Hello, Customers – Are You Still There? Musings of an Apple Consultant

Hello, Customers – Are You Still There? Musings of an Apple Consultant

Note: This is a guest column by David Yoken, founder of Macuity, a Boston Apple consultancy, who discusses the joys of providing IT and repair services to machines that “just work.”

Just got off a call with an architectural firm for whom we set up a brand new server last week. The typical conversation I have with clients is amusingly formulaic, and this one was much of the same:

Me: How’s everything going with your new server?

Customer: It’s really wonderful. We haven’t had any problems, and the transition has been nearly seamless.

Me: Super! I’m glad things are working out. I suppose now would be a good time to talk about a service and maintenance contract and schedule for your new equipment.

Customer: Well, we probably can handle most everything on our own. Apple makes it so easy, so we’ll be fine!

Me: Oh, umm…, absolutely! How about remote monitoring or help desk services?

Customer: Yeah, sure, but you probably won’t hear from us much on that end either. I think we can take it from here, but thanks!

Back in 2006, in my infinite wisdom, I decide to start a company providing IT support services for Mac-based businesses in the Boston area. A friend of mine was a PC consultant, and his business was booming. In addition, the halo effect created by Steve Jobs’ masterful combination of iPod, iMac, and Apple Store over the past decade was spilling out all over the place. Everywhere I went, from airports to coffee shops to business conventions, I saw more and more laptops radiating their iconic Apple logo in luminescent splendor for all to see. I thought to myself, certainly there will be plenty of businesses switching to Mac who would need IT support. And since I’ve always loved working with Macs, and meeting new people, how in the world could I lose?

There was only one problem. What I forgot to build into my supposedly brilliant business plan was the fact that, by and large, Macs tend to just work. The reality is that Macs tend to cost less to support and manage compared to their PC brethren. I’ve known about this anecdotally for some time, and now there is a concrete evidence to back it up. Indeed, a study conducted by the folks at the Enterprise Desktop Alliance, who interviewed hundreds of IT administrators¬†across the country, concluded that by and large, Macs are generally cheaper to manage than PCs in six of seven administrative IT categories. (Read about the full study here:¬†Enterprise Desktop Alliance Study)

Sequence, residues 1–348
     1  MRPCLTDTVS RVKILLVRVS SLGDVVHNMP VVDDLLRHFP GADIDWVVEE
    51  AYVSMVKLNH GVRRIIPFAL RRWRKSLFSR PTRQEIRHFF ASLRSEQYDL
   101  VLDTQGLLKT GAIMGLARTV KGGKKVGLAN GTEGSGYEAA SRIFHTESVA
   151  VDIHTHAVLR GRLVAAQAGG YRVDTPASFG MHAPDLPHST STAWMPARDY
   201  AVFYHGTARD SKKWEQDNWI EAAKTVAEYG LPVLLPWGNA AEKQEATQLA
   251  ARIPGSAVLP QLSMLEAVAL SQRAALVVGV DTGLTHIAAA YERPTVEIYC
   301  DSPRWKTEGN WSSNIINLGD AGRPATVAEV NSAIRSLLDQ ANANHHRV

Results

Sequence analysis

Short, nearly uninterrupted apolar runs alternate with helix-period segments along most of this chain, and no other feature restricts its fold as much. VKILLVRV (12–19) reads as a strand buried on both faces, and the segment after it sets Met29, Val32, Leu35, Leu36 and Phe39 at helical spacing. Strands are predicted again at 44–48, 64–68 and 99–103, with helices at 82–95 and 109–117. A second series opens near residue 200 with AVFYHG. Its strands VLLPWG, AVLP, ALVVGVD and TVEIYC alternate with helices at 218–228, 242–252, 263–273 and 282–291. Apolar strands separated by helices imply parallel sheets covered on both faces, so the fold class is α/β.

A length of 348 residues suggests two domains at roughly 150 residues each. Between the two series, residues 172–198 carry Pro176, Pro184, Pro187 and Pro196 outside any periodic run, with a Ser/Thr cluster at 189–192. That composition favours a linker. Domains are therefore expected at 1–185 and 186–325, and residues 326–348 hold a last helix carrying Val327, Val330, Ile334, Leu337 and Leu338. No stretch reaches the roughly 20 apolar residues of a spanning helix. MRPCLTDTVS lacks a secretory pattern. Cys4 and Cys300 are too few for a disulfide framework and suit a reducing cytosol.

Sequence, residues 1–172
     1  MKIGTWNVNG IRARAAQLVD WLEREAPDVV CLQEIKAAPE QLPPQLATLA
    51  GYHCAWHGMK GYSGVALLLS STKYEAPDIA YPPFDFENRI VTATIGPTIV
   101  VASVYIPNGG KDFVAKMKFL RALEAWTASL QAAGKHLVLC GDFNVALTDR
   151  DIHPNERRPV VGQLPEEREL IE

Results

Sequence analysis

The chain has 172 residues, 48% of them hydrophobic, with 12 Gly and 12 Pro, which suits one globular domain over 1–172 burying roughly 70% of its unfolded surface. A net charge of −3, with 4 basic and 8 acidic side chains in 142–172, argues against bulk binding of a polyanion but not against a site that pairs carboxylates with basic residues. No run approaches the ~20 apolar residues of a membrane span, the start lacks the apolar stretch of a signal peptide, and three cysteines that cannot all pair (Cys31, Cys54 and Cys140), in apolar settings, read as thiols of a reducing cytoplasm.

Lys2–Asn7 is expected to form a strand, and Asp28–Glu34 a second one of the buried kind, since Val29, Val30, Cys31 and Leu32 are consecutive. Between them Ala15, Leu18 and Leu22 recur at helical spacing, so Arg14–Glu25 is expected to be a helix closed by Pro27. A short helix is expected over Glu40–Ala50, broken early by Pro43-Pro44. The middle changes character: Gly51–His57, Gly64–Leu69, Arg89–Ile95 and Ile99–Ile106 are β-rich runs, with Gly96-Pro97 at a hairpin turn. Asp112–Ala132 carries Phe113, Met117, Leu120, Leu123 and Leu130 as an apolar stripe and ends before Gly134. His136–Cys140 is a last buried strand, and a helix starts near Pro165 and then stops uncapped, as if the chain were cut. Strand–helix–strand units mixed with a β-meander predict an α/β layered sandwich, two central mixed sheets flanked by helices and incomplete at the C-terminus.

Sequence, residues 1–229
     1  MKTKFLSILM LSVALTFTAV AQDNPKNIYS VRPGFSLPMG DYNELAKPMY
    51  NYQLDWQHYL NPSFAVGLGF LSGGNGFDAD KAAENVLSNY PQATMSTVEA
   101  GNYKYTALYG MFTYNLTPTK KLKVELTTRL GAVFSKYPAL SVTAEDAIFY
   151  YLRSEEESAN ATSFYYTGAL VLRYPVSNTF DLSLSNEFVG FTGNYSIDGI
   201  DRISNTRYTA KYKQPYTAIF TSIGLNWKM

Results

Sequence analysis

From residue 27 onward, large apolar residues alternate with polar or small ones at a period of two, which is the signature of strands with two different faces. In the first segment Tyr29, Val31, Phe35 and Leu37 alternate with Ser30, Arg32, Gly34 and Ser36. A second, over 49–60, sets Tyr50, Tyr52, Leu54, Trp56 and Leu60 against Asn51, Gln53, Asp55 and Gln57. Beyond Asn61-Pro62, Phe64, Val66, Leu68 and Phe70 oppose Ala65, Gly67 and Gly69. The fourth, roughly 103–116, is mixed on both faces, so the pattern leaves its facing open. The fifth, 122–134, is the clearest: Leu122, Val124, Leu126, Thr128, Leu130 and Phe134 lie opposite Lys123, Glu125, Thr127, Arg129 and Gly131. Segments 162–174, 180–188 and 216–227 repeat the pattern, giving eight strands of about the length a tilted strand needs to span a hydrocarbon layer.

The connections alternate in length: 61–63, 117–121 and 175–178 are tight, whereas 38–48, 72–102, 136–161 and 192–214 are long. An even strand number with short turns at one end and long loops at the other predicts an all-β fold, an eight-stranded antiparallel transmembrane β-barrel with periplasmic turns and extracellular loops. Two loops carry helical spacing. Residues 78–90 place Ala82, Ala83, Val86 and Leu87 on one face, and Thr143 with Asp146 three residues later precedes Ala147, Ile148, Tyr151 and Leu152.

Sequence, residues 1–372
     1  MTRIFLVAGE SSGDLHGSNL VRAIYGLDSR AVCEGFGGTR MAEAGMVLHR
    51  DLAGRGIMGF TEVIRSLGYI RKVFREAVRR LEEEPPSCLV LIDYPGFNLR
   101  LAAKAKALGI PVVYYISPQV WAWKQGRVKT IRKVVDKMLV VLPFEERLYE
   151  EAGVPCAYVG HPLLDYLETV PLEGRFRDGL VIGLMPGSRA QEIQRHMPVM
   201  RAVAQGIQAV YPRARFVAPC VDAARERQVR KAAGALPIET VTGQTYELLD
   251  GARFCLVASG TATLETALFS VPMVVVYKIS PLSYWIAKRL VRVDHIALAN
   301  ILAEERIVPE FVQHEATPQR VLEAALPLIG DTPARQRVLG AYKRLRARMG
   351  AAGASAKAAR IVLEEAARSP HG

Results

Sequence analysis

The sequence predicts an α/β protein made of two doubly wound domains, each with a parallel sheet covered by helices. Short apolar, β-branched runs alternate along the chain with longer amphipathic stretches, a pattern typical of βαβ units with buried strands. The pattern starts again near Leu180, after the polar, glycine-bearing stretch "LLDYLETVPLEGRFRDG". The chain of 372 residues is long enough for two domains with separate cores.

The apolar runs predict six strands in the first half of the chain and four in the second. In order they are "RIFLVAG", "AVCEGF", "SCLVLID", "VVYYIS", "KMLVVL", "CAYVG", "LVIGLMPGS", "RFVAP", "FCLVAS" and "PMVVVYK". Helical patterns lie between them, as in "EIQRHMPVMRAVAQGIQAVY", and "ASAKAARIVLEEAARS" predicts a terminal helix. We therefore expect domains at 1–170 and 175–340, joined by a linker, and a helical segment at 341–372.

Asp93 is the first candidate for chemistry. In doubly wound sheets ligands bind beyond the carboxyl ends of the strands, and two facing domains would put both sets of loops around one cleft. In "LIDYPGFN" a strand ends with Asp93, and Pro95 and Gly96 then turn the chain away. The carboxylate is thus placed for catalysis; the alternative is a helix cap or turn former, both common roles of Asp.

This study speaks to an idea that I’ve talked about for years with potential customers thinking of switching their offices from PC to Mac: Total Cost of Ownership (TCO). TCO is essentially a more accurate view of how much it really costs to own a computer over its normal shelf life. By and large, Macs are just cheaper to own than Windows-based computers. The only problem is that, in effect, the notion of TCO reduces the need for businesses like mine! What’s more, given the dearth of spyware, malware, and viruses affecting the Mac platform, maintenance of Mac networks require far less day-to-day resources. Even fairly complex management and administration can sometimes be handled by those with a little grit, determination, and a facility for technology, a category to which many of my clients feel they belong.

Ultimately (and sadly for me), the notion that Mac-based companies without full-time IT staff actually require substantial technical support from operations like mine has become more and more unrealistic. No wonder my PC consultant friend is running around like a clown on purpose and I sit in my office in desolate solitude.

So anyway, please ponder all of this, but don’t cry for me. I’ll be here at my office optimistically waiting for the phone to ring… Sometime would be great… Please… Anyone?… Maybe I’ll just go grab a beer with the Maytag repairman. It seems we both have time to kill.

About the author

Dave Yoken

Dave Yoken is the president and founder of Boston-based Macuity, a leading IT consulting and services company and member of the Apple Consultants Network.

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